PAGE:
Book Review: The Last by Hanna Jameson

This is a wonderful book. I was initially drawn to it because it deals with life after the end of the world, which is a subject I find fascinating, but I feel like this book is actually so much more than that.

The novel takes the form of the diary entries of our main character Jon, who takes it upon himself to record the events that happen after the world ends. He is staying in a hotel in Switzerland for a work conference when the nuclear bombs fall, ending civilisation as it currently exists.

After the bombs fall, Jon must adjust to life in this post-apocalyptic setting. He stays at the hotel with a host of other interesting characters and, as they try to carve out their way to survival, they make a grizzly discovery: the body of a young girl in a water tank in the hotel.

Jon becomes obsessed with solving this crime, and the novel does an amazing job of showing his descent mentally as his obsession devours him. Jameson constantly toys with the reader, using the unreliable narrative to twist reality.

As time goes on, tensions rise in the hotel as people turn on one another. The other characters in this book were great; I loved their different personalities and the exploration of how different types of people might cope with this sort of experience. As their society begins to inevitably crumble, characters start to break down, and their slice of civilisation is further tested when it becomes apparent that they might not be the only survivors. Isolated and vulnerable in a lonely hotel, the characters plight is genuinely unsettling.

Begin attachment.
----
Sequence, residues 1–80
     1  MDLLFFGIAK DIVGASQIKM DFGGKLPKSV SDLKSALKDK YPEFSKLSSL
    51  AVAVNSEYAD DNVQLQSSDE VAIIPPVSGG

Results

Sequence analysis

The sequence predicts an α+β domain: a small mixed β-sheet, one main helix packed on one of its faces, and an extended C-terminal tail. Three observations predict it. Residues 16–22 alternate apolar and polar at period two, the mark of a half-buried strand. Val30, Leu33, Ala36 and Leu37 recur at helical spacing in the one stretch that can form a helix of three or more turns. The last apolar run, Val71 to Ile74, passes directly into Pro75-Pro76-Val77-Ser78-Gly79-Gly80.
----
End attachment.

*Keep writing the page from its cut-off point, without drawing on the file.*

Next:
I adored this novel. I felt Jameson did a great job of writing a twisty, unpredictable narrative that went beyond the constraints of genre. It’s not a light read, but it certainly an addictive one that stays with you.

Reasons to read:

  • A unique take on what life might be like at the end of the world
  • Well written characters
  • Good range of diversity in the characters
  • Unpredictable and unsettling

Possible trigger warnings:

  • Suicide
  • Drug use
  • Mental health topics
  • Death and violence
  • Domestic abuse
  • Discussion of rape

Book Review: Loveless by Alice Oseman

This is an absolutely gorgeous book and I think everyone should read it. Alice Oseman is a powerhouse of a human. Her comic Heartstopper is amazing and she has a real gift for capturing the strange feeling of being a young person.

Loveless is a novel about a girl named Georgia who has never had a crush on anyone. As she begins her university life, she sets out to change this and to find love- after all, she loves love, thinking about it constantly and obsessing over fanfiction. With the help of her seemingly confident and knowledgeable roommate Rooney, and her best friends Jason and Pip, she embarks on her university journey towards true love.

Except- it doesn’t play out that way. As the novel progresses, Georgia has to come to terms with the fact that, actually, she doesn’t experience romantic or sexual attraction at all. With the help of Sunil, the aromantic asexual president of the Pride Society, she begins to accept her sexuality.

One of the amazing things about this novel is the characters- even the secondary characters feel fleshed out and believable, with their own quirks and personalities that make you love them. They are all real, flawed people, who are capable of doing both good and bad things and react in believable ways to the things that happen. Rooney was a particular favourite of mine; she is an absolute treasure and, as the story developed and I learned more about her, I just adored her.